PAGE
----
On his trek from being a guy some folks in the league said was too short and then going undrafted, to one of the most important players on the field and in the locker room for the Denver Broncos, cornerback Chris Harris Jr. has always been about jumping life’s hurdles to get where he hopes to go.

So, it really is no surprise, as he heals from surgery to repair his left ACL, he plans on being on the field before this summer’s training camp is over and in the lineup when the Broncos open the regular season Sept. 7 against the Indianapolis Colts.

"I’m ready, I’ve been working my ass off, excuse my language," Harris Jr. said with a smile. “I haven’t had an offseason, I’ve been here. I went to Dr. Andrews [for surgery], that was my little vacation and I’ve been here. Treatment every day and now I’m pretty much doing two-a-days, I’m here at 6:45, then coming back for the meetings and the lift. I’m feeling great, I'll be ready. I’m building my confidence because I wasn’t down too long. I’m able to test things, I just feel confident about what’s going to happen.’’

“I’m not doing everything until mid-training camp,’’ Harris Jr. continued. “I’ll probably be ready at the beginning of training camp, but I probably won’t do anything until mid-training camp. I’ll continue to do my workouts, watch and coach them up.’’

With Champ Bailey’s release, Harris Jr. is now one of the elder statesmen in the Broncos’ secondary, at least when it comes to the team’s playbook. As he enters his fourth season, he has gone from an undrafted rookie who caught Bailey’s eye in 2011’s training camp -- “that kid competes on every play, doesn’t get rattled,’’ Bailey said then -- to a key part in how the Broncos’ go about things on the field.

So much so, that the Broncos allowed a Total QBR of 43.6 in the 2013 regular season when Harris was on the field, according to ESPN Stats & Info. And in the 81 snaps that he wasn't on the field, opponents had a Total QBR of 93.

Ask defensive coordinator Jack Del Rio about Harris Jr. and the word “competes’’ will often be somewhere in the first sentence, as in “he just competes on every play, in practice, in games, he leaves nothing for granted.’’

He's just the do-it-all guy, who can line up outside against an opponent’s best receiver or move down inside to the slot and win those physical battles in the everything-happens-fast area of the of the field. And it was noticeable when Harris left the Broncos’ divisional round win over the San Diego Chargers in the third quarter this past January as the Broncos had a 17-0 lead when Harris Jr. was in the game and the Chargers scored 17 points in the fourth quarter when he was not.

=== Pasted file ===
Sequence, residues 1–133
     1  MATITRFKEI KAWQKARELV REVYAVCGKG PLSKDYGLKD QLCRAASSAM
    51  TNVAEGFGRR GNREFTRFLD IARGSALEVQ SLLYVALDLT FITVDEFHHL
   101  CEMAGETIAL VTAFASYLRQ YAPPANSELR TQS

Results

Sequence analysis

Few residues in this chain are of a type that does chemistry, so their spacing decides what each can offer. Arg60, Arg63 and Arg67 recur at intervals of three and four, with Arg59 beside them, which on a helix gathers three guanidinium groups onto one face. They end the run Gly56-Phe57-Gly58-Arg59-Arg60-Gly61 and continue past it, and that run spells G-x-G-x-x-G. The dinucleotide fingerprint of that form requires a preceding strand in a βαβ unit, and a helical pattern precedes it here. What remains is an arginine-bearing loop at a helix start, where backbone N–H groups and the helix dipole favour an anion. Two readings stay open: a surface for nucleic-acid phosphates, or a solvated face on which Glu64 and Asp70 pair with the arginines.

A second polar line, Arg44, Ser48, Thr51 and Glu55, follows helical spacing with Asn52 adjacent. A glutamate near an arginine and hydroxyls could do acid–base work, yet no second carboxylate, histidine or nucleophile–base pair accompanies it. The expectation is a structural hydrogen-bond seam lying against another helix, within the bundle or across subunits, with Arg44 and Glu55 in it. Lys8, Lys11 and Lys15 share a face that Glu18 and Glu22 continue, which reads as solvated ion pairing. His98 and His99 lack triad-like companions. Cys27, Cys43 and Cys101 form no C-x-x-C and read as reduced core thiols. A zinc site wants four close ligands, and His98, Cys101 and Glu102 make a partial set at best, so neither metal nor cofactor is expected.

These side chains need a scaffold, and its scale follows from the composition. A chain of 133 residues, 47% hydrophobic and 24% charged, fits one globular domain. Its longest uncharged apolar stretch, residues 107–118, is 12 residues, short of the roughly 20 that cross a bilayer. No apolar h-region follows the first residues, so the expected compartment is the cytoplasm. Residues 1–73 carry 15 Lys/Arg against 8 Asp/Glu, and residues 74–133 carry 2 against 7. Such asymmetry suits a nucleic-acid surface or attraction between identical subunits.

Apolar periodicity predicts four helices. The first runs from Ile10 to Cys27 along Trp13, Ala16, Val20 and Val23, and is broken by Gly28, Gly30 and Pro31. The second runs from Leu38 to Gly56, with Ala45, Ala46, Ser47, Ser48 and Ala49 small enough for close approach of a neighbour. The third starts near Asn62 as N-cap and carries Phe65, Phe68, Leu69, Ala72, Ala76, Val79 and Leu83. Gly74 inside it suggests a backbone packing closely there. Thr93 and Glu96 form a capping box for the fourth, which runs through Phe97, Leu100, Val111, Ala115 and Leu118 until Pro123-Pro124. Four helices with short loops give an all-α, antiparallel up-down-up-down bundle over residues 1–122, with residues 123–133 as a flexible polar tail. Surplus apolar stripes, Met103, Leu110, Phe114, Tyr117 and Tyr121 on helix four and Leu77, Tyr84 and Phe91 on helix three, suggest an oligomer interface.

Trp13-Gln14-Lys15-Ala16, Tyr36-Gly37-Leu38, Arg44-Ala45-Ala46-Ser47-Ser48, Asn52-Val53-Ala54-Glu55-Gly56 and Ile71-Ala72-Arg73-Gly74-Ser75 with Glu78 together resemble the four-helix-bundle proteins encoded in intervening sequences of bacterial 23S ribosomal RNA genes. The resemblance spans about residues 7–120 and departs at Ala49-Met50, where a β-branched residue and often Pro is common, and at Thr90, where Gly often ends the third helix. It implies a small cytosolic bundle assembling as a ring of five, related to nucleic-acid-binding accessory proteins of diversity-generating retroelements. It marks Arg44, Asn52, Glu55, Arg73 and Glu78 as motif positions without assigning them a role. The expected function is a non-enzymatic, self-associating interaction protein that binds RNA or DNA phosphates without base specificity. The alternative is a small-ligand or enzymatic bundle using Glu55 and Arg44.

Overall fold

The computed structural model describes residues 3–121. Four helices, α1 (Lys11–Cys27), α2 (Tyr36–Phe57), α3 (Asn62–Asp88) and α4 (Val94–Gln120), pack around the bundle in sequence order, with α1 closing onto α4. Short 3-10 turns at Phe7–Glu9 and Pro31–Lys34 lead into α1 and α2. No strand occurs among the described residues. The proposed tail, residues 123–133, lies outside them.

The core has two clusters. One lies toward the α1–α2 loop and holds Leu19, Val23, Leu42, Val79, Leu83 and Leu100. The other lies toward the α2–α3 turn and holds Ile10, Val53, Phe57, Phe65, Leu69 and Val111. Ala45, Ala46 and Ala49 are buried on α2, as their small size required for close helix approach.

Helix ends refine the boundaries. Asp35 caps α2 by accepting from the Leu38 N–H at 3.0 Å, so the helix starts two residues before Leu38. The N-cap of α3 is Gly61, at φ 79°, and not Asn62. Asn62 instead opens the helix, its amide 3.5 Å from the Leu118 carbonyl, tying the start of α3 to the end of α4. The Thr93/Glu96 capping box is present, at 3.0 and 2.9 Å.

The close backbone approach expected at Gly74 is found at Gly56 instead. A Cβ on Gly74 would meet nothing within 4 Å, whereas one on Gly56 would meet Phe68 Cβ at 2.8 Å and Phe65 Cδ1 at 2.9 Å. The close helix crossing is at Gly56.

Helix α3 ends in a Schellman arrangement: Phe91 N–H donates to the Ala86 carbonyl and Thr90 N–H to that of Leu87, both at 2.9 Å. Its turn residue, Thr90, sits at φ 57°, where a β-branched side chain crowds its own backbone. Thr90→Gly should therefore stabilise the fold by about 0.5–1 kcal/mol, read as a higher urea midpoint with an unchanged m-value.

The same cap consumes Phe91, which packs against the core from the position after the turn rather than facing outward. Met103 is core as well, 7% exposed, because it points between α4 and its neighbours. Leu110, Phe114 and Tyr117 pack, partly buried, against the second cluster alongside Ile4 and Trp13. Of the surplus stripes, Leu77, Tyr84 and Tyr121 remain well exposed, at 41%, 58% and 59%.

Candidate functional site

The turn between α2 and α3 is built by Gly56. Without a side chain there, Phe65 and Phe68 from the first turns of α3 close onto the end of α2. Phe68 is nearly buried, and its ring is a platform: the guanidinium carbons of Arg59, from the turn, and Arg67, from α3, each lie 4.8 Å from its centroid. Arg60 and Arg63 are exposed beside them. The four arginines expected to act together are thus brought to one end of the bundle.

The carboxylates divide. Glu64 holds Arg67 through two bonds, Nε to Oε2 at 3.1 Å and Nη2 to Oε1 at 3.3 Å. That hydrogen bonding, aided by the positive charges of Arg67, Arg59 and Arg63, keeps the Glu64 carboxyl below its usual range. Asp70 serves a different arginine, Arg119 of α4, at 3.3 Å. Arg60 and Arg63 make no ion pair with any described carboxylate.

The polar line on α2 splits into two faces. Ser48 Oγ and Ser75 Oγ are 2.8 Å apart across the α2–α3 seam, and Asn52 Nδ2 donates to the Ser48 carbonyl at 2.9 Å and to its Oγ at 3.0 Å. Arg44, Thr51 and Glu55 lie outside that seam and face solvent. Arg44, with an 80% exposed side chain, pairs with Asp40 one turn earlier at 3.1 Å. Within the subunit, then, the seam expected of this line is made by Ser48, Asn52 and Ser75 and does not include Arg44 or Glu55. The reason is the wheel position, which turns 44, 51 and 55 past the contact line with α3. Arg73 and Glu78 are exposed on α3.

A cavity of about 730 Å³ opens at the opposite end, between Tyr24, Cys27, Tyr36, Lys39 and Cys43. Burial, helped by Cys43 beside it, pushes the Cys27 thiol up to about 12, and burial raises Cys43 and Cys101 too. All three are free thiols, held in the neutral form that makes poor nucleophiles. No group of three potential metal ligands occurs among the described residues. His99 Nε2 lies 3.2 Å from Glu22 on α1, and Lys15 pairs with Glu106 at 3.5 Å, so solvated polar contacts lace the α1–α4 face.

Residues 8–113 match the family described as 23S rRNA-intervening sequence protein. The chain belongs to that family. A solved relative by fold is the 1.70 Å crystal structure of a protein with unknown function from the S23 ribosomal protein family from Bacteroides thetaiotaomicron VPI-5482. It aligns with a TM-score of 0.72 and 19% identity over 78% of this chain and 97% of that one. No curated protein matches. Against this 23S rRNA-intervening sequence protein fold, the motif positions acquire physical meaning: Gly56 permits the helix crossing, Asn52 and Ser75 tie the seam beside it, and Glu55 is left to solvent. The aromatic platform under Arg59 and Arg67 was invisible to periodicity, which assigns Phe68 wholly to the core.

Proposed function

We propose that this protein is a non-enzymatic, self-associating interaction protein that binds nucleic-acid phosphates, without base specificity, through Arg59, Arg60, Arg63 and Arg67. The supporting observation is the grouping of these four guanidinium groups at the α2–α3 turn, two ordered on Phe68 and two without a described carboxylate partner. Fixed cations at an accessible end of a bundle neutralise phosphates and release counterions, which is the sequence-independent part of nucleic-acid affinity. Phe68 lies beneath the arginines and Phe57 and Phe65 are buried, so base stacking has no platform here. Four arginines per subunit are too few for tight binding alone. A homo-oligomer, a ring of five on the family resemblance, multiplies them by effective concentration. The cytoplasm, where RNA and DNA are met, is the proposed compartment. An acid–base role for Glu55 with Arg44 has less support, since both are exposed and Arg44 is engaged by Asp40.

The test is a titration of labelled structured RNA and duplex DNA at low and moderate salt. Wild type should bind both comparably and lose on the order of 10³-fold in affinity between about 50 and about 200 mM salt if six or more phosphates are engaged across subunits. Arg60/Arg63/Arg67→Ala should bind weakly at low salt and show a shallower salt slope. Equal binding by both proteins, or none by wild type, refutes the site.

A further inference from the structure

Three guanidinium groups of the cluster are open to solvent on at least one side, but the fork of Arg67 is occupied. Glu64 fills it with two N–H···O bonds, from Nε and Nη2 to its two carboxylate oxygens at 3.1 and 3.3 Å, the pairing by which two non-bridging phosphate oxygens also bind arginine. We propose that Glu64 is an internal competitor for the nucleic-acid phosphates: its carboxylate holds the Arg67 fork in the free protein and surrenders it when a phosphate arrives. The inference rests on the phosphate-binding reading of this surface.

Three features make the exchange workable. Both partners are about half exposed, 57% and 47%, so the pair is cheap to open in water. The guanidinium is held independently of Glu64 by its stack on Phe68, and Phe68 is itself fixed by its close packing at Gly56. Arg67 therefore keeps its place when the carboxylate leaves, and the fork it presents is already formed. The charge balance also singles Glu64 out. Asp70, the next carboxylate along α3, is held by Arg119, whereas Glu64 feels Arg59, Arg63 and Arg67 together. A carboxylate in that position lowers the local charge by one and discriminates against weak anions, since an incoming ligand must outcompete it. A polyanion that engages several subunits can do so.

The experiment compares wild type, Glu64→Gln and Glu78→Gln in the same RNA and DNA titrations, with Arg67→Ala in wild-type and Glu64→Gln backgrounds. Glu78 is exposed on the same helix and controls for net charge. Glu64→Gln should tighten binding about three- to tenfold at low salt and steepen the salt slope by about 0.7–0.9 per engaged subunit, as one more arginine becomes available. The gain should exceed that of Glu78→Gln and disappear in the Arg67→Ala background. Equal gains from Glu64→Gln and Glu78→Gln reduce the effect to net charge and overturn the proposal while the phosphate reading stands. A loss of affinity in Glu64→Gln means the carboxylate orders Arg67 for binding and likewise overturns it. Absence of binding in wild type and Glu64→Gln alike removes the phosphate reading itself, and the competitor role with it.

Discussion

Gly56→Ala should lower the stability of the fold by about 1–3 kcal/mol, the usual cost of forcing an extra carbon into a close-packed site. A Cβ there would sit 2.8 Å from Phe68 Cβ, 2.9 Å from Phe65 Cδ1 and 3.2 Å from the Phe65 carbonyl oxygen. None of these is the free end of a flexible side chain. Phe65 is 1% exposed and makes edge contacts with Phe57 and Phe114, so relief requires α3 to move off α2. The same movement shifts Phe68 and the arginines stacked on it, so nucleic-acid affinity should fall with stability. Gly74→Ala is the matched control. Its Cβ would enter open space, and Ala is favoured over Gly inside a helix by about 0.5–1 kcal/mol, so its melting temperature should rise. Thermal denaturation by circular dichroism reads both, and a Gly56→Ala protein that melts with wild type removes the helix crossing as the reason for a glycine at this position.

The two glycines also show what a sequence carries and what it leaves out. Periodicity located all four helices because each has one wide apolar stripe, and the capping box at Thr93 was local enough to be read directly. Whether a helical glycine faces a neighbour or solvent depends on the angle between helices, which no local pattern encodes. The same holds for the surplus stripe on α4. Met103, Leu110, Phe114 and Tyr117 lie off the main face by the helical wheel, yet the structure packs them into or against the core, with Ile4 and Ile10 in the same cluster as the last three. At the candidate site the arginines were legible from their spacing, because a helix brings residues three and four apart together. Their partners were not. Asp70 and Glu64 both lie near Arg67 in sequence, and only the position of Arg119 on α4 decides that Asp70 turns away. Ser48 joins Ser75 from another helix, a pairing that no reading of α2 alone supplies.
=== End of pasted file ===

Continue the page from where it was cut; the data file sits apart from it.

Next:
It was a non-contact play, but an injury Harris Jr. believed was coming even before it happened.

“I was definitely surprised, at least a little bit, that it was a partially torn ACL.’’ Harris Jr. said. “But I wasn’t surprised there was something wrong because I had been having little nagging injuries in my left leg for about two years, then after the (Dec. 1) Chiefs game, I couldn’t walk after that game, I was just so sore. I just figured something in my left leg was just wearing down. After a while, that’s why it happened so easy, it was non-contact, I do those same movements every day. So, it was something that was bound to happen, because I just feeling those little pains before. I was probably playing with it before I really knew.’’

Harris Jr.’s scheduled return would certainly help a re-vamped Broncos’ secondary. The Broncos opened owner Pat Bowlen’s checkbook to sign cornerback Aqib Talib and safety T.J. Ward in free agency and then used a first-round pick earlier this month on cornerback Bradley Roby.

Talib and Harris Jr. started together on a Kansas defense that helped the team win an Orange Bowl -- “so we already have that chemistry together,’’ Harris Jr. said -- and thought the Broncos are still in the shorts-and-T-shirts phase of the offseason workouts, Ward continues to draw raves from teammates and coaches alike.

The Broncos hope the plan makes it from the drawing board to the field. Talib and Harris Jr. could be the starters with Roby and Kayvon Webster, a 2013 draft pick, fitting into the specialty packages. If that comes to fruition it would give them a three-cornerback look in the nickel (five defensive backs) and a four-cornerback look in the dime (six defensive backs) that would feature more speed and athleticism than they had last season to match up with three- and four-wide receiver sets.